Some Reflections on the Meaning of Anticorruption “Success”

Last month, we had a spirited debate in the anticorruption blogosphere about the conceptualization of corruption, academic approaches to the study of the topic, and the relationship between research and practice. (The debate was prompted by provocative piece by Bo Rothstein, to which I replied; my critical reaction prompted a sur-reply from Professor Rothstein, which was followed by further contributions from Robert Barrington, Paul Heywood, and Michael Johnston.) I’ve been thinking a bit more about one small aspect of that stimulating exchange: How do we, or should we, think about evaluating the success (or lack thereof) of an anticorruption policy or other intervention? I was struck by the very different assessments that several of the participants in last month’s exchange had regarding whether the anticorruption reform movement had been “successful,” and this got me thinking that although part of the divergence of opinion might be due to different interpretations of the evidence, part of what’s going on might be different understandings of what “success” does or should mean in this context.

That observation, in turn, connected to another issue that’s been gnawing at me for a while, that I’ve been having trouble putting into words—but I’m going to take a stab at it in this post. My sense is that when it comes to defining and measuring “success” in the context of anticorruption reform (and probably many other contexts too), there’s a fundamental tension between two conflicting impulses: Continue reading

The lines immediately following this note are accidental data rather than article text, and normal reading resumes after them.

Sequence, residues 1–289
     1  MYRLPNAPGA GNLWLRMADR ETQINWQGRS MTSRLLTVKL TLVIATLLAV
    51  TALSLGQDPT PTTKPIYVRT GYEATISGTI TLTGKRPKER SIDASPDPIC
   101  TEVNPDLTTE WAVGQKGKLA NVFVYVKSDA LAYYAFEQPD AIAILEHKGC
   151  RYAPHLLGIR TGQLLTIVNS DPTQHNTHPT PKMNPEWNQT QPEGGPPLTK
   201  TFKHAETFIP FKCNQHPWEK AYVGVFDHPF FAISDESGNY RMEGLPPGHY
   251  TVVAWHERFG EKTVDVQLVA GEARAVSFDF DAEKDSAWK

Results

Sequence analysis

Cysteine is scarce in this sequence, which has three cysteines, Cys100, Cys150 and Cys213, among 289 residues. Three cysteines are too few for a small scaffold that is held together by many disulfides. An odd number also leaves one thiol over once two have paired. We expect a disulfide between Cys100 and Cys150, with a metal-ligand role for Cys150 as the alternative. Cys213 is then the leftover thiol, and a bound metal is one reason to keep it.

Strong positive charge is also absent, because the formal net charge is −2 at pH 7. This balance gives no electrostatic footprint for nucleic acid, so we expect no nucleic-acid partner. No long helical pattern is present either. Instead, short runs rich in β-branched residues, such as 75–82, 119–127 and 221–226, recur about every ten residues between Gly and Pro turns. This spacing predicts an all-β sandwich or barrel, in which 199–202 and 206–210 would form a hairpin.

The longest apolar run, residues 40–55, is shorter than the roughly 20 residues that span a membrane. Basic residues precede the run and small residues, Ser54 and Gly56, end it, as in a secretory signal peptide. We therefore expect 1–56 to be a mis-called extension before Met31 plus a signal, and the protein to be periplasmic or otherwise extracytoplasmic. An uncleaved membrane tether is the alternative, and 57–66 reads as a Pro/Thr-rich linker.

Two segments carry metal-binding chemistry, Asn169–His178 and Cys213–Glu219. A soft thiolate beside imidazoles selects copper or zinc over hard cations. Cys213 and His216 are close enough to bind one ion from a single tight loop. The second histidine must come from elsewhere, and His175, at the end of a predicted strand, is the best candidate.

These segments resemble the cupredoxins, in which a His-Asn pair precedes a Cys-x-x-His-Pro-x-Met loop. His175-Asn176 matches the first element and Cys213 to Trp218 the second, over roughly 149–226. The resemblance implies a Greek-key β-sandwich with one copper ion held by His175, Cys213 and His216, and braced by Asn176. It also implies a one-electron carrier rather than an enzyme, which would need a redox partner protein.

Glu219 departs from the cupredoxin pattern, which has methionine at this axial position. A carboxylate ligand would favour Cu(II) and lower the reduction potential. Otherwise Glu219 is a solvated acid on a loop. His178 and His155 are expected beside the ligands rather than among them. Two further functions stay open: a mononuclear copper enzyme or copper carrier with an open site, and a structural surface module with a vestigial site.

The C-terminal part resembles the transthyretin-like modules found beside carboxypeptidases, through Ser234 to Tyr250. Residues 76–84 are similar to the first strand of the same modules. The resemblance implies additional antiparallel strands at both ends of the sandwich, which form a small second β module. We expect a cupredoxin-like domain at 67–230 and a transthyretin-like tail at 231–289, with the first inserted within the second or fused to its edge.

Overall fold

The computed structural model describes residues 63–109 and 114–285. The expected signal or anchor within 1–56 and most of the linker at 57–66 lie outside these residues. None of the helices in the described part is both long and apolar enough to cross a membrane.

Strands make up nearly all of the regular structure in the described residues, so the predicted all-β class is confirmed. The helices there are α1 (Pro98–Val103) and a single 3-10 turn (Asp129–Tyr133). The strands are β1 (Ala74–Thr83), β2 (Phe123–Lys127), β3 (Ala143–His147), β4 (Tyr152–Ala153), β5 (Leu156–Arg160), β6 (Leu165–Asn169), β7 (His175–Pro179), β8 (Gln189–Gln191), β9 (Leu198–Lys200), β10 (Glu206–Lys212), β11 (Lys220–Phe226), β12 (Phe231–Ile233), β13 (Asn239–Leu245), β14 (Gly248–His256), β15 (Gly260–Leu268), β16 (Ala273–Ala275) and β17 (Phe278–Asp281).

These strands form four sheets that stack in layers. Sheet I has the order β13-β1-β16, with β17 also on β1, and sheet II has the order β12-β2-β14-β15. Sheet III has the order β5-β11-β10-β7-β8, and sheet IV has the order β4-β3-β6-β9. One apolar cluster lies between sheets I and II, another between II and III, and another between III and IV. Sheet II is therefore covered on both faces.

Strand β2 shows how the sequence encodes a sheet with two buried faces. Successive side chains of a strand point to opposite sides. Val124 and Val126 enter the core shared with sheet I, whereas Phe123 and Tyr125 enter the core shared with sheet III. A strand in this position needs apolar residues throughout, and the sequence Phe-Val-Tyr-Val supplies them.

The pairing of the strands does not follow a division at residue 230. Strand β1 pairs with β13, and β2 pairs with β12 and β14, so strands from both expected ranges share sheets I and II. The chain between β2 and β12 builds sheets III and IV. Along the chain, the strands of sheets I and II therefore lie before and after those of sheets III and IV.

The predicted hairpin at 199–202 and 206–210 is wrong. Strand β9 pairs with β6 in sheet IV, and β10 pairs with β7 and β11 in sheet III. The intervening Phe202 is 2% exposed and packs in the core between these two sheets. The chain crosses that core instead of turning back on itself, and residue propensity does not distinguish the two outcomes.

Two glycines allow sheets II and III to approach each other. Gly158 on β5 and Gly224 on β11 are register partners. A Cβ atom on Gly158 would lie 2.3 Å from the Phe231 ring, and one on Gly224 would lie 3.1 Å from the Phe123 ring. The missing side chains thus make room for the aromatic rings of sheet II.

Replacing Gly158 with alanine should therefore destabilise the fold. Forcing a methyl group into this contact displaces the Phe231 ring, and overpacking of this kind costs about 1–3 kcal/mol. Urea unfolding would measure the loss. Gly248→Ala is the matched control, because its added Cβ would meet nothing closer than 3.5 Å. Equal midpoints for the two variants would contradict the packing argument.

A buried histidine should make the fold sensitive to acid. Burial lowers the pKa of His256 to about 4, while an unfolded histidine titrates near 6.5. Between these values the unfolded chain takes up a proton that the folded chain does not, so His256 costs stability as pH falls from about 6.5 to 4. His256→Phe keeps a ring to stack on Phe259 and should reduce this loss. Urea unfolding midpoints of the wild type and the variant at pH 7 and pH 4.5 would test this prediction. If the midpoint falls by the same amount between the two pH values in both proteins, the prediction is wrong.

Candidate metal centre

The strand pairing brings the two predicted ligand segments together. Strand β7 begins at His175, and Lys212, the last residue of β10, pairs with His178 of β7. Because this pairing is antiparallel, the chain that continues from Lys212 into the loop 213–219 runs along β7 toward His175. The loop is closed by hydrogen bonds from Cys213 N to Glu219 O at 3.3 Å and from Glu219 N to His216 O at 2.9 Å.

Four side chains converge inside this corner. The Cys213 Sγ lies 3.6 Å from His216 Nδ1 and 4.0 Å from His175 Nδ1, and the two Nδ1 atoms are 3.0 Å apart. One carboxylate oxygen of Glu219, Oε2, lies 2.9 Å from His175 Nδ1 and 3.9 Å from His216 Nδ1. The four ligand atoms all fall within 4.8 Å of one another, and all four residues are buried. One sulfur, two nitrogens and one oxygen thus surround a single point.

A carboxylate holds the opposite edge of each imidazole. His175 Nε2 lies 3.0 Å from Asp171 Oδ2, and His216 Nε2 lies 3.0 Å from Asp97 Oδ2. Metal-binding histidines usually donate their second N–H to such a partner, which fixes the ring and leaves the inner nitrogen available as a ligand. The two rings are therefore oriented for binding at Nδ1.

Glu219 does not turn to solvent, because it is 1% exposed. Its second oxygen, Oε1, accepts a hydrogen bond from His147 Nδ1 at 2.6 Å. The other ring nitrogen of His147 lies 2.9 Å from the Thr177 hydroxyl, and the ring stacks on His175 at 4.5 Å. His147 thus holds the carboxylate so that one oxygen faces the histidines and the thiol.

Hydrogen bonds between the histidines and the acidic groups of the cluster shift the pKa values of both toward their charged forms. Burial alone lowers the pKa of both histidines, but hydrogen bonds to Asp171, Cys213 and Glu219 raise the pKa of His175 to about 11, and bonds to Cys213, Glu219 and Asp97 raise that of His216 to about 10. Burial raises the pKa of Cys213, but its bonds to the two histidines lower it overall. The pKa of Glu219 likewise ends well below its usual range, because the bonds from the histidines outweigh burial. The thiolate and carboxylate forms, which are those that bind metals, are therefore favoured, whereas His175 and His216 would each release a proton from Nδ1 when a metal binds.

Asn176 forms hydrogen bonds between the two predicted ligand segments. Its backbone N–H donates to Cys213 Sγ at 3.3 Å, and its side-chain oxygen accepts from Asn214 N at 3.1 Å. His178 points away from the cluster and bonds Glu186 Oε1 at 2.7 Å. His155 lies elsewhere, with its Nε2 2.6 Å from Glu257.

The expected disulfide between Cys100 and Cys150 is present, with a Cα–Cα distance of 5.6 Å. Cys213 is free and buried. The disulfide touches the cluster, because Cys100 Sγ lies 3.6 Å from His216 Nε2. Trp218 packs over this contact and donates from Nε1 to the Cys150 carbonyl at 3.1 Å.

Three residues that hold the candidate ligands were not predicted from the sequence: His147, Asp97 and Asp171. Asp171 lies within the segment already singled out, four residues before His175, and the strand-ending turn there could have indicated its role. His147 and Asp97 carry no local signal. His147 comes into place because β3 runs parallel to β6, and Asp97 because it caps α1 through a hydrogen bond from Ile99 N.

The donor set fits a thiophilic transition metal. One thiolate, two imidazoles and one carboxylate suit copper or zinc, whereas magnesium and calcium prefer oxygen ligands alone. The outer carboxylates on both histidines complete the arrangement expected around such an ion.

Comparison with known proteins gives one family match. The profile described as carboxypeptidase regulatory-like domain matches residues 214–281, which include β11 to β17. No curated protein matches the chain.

Guest Post: Succeeding or Failing… at What?

Today’s guest post is from Michael Johnston, Professor of Political Science Emeritus at Colgate University:

A bracing and long overdue debate has surfaced recently on this and other blogs, focusing primarily upon the issue of whether anticorruption efforts have failed but also raising important questions about definitions, theory, analytical methods and—not least—the norms of scholarly discourse. Entries by Bo Rothstein, Matthew Stephenson, Robert Barrington, and Paul Heywood offer searching critiques and a number of cautionary tales that I will certainly take to heart.

The discussions raise many more questions than I can analyze in this short discussion, but as for the issue that launched the exchange—whether many or most anticorruption efforts have failed—my answer is to raise another question: How would we know? To that I add a critical follow-up: If we were to see significant success, what might it look like? The first question, I suggest, has no single clear-cut answer, and never will. As for the second: In my view success would not revolve around levels of corruption, but about the prevalence of justice. Continue reading

Guest Post: Contesting the Narrative of Anticorruption Failure

Today’s guest post is from Robert Barrington, currently a professor of practice at the University of Sussex’s Centre for the Study of Corruption, who previously served as the executive director of Transparency International UK, where he worked for over a decade.

I have read with great interest the recent exchange of views between Professor Bo Rothstein and Professor Matthew Stephenson on the academic study of corruption and anticorruption. As an anticorruption practitioner who now works within an academic research center, I was particularly struck by how their exchange (Professor Rothstein’s initial post, Professor Stephenson’s critique, and Professor Rothstein’s reply) surfaced some extremely important issues for anticorruption scholarship, its purposes, and its relationship to anticorruption practice.

I find it hard to agree with Professor Rothstein’s analysis, but this is before even looking at his points of difference with Professor Stephenson. My main beef with Professor Rothstein’s analysis is with his starting assumption of widespread failure. Like so many prominent scholars who study corruption, he proceeds from the premise that pretty much all of the anticorruption reform activity over the last generation has failed. He asserts that “[d]espite huge efforts from international development organizations, we have seen precious little success combating corruption,” that anticorruption reform efforts have been a “huge policy failure,” and sets out to explain “[w]hy …  so many anti-corruption programs [have] not delivered[.]” Professor Rothstein then offers three main answers, which Professor Stephenson criticizes.